February 13, 2018
- Whether the trial court can order a forfeiture of a bond only when a defendant fails to appear for a court date and not for a violation of other bail conditions
The petitioner, a corporate surety, posted a $10,000 bond for the defendant to be released from jail on certain conditions, including that he live in Epping and refrain from the use of controlled drugs. Two weeks later, law enforcement found the defendant passed out in a vehicle containing drugs and suitcases. After reviving they revived the defendant with Narcan, the defendant explained that he was moving to the Carolinas. The trial court issued an arrest warrant for the defendant and revoked his bail for violating his bail conditions.
At the show cause hearing, the petitioner argued that the court should not have declared the bond forfeited because the petitioner had only agreed to an “appearance bond” and the defendant had not missed any court dates. The trial court concluded that a surety can be held responsible for a defendant’s failure to comply with conditions of bail other than appearance in court.
The petitioner filed an appeal as a mandatory appeal under Supreme Court Rule 7. The Supreme Court, however, found that a surety does not have the right to file a direct appeal in the pertinent underlying criminal case. Accordingly, consistent with past practice, the Court accepted the appeal as a petition for a writ of certiorari, which is the proper remedy for a non-party surety who seeks to appeal a bail bond forfeiture.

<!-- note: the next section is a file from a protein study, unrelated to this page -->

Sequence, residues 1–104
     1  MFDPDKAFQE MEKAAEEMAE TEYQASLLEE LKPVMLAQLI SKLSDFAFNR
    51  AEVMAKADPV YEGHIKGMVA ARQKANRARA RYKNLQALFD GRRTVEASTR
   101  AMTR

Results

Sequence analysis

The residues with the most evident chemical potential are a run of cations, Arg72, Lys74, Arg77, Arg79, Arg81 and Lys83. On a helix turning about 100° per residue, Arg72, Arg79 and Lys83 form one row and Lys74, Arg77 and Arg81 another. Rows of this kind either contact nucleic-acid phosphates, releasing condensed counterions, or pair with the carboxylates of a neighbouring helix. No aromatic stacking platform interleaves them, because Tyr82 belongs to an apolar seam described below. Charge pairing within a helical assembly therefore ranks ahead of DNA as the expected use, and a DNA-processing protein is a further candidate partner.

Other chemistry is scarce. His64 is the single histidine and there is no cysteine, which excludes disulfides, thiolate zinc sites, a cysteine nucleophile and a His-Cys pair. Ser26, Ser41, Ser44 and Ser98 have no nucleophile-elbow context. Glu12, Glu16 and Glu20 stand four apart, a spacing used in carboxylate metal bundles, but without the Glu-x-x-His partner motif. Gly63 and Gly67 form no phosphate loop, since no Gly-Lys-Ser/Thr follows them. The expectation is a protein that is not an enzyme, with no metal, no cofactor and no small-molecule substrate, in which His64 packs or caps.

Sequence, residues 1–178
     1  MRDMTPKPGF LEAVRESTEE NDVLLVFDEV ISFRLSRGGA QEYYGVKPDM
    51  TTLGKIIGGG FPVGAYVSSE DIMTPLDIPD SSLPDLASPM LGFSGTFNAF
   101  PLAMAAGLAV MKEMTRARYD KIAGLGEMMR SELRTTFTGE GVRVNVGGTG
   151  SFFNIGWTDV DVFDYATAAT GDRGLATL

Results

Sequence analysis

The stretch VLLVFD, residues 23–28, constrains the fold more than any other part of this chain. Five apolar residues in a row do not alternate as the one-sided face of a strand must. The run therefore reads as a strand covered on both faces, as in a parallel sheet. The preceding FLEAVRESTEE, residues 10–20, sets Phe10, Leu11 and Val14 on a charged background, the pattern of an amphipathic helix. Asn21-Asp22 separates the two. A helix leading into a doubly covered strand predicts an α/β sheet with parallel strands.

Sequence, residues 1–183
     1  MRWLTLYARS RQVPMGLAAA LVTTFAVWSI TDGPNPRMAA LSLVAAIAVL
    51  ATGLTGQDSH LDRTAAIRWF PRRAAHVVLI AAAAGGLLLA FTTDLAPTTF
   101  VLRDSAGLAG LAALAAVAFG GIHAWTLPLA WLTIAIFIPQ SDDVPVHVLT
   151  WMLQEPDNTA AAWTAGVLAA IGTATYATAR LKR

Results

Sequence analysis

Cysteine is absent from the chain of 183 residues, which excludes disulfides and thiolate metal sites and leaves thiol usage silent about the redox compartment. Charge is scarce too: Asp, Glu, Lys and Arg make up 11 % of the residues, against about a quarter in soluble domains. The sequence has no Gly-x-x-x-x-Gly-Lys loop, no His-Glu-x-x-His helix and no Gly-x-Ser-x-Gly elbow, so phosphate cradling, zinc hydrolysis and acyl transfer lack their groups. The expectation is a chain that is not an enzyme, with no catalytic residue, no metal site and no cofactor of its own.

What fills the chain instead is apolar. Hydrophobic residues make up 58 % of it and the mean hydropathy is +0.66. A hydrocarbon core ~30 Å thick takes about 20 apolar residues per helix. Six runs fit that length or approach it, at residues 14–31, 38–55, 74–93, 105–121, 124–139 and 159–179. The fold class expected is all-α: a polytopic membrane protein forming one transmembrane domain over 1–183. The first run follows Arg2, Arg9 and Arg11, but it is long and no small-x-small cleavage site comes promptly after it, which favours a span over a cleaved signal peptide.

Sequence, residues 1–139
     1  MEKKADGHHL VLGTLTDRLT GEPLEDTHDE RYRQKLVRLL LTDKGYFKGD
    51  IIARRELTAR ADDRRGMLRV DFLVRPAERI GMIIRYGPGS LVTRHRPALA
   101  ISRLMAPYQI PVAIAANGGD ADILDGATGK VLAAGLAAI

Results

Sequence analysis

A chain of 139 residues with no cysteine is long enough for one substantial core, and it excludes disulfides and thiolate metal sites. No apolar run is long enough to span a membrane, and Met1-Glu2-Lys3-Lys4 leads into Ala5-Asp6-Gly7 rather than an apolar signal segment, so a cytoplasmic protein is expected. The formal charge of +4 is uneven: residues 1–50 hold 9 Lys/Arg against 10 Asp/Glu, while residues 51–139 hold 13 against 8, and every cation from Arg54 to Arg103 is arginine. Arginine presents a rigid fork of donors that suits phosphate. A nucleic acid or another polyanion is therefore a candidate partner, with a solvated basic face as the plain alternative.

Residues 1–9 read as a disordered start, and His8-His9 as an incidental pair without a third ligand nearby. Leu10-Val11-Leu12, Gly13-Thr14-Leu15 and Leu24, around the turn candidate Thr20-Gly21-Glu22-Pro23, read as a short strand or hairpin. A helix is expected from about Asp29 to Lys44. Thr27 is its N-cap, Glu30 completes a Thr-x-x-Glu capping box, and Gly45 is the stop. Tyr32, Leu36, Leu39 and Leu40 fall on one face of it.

The Court then, for the first time, articulated that the applicable standard for appellate review for trial court decisions regarding bail and recognizances is the deferential unsustainable exercise of discretion standard. In applying this standard, the Court upheld the trial court’s decision forfeiting the defendant’s bail because the express terms of the bond made it clear that breach of any conditions could result in proceedings against the corporate surety for forfeiture of the bond. The trial court also acted within its discretion to forfeit the entire amount of the bond, particularly because the petitioner, who is engaged in an entrepreneurial venture, made no effort to ensure the defendant complied with his bail terms.
The Supreme Court was mindful of the practical implications of this decision for both defendants and corporate sureties, but declined to address the pertinent public policy issues.
Joseph Prieto (on the brief) of Prieto Law, and Andrew S. Winters (orally) of Cohen & Winters Law Office, for the petitioner. Gordon J. MacDonald, attorney general (Stephen D. Fuller, senior assistant attorney general, on the brief and orally), for the State. James Castine, the defendant, filed no brief.